Behavioral apparatus. Training, testing, and recording were all performed in a 30 × 30 cm aluminum chamber with walls slanting outward at a 5° angle to the floor. Odor stimuli were presented in an odor port located in the center of one wall and 5 cm above the floor. Photodetectors mounted on the sides of the odor port monitored nose pokes into the odor port. A water cup was located 2.5 cm below the odor port and was monitored by a set of photodetectors, and appropriate responses resulted in a delivery of 0.03 ml of water into the water cup. A single 24 V panel lamp was located on the wall above the odor port. Odor delivery to the odor port was controlled through the opening and closing of solenoid valves on an eight-channel flow-dilution olfactometer. The odors consisted of eight commercially available imitation food extracts (anise, coconut, cherry, lemon, orange, almond, vanilla, banana) diluted in deionized water to a concentration of ∼1:100 or to a concentration at which the odors were just detectible to the experimenter. Scrubbed, pressurized air (dehydrated with Dri-Rite, passed through activated charcoal, and rehydrated with deionized water) was split into two streams, one that flowed continually at a rate of 0.5 l/min through the clean air channel to clear the odor channels between odor presentations. Two seconds before stimulus presentation, the second stream (0.5 l/min) was saturated with the selected odor from the olfactometer and combined with the clean air stream, for a total flow of 1 l/min to a three-way solenoid immediately adjacent to the odor port. A continuous vacuum dump (2 l/min) was attached to both the odor port and the three-way solenoid. When the solenoid was closed, this vacuum served to shunt the odor away from the testing apparatus at a negative pressure. In response to an appropriate nose poke (breaking the odor port photobeam), the three-way solenoid diverted the airstream into the odor port, and the vacuum evacuated the odor port at negative pressure, ensuring that no odor escaped into the testing chamber.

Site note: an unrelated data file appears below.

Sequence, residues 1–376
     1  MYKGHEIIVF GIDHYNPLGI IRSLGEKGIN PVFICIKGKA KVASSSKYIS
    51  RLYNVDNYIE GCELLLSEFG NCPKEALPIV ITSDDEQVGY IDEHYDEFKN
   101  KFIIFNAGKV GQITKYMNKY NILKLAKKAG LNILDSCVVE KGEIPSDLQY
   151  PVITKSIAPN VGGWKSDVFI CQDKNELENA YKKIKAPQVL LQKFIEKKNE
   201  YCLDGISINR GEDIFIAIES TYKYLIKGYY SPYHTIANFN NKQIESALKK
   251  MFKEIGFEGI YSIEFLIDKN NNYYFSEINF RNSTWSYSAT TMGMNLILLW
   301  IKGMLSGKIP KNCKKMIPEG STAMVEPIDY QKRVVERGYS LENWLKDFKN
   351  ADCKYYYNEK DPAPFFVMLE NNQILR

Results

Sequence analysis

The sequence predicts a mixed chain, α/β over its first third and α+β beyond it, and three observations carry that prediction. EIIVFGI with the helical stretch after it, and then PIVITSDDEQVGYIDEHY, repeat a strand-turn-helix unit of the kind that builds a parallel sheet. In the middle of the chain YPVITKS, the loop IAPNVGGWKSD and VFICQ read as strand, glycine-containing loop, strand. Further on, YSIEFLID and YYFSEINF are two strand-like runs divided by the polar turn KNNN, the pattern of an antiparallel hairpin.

Behavioral procedures. Rats were initially pretrained to hold their noses in the odor port to receive a water reward in the water cup. This phase of training was conducted with clean air only and proceeded for up to 400 trials per day. Each rat was initially required to hold its nose in the odor port for 250 msec, and the length of the nose hold was slowly ramped up to 1250 msec in 10 msec intervals. A 3 sec delay was imposed between trials, during which time the house light was extinguished. Nose pokes during this delay interval resulted in a 2 sec increase in the length of the delay. At the end of the delay interval, the house light was illuminated to indicate the beginning of the next trial. Once the rats were consistently holding in the port for 1250 msec (20/20 “correct” trials), training continued as set except that odorized air was presented in the odor port rather than clean air. Each rat was required to hold in the port for 250 msec before the odor was delivered to ensure that it was committed to the trial. The odors were the same as those used in the cDNM task, except that the odors were different on each trial. This phase of training was conducted for 2 d at 400 trials per day. Subsequently, rats were implanted with stereotrode bundles and allowed to recover from surgery for 1 week (with the exception of rat G10, which was implanted after reaching criterion-level performance on the cDNM task).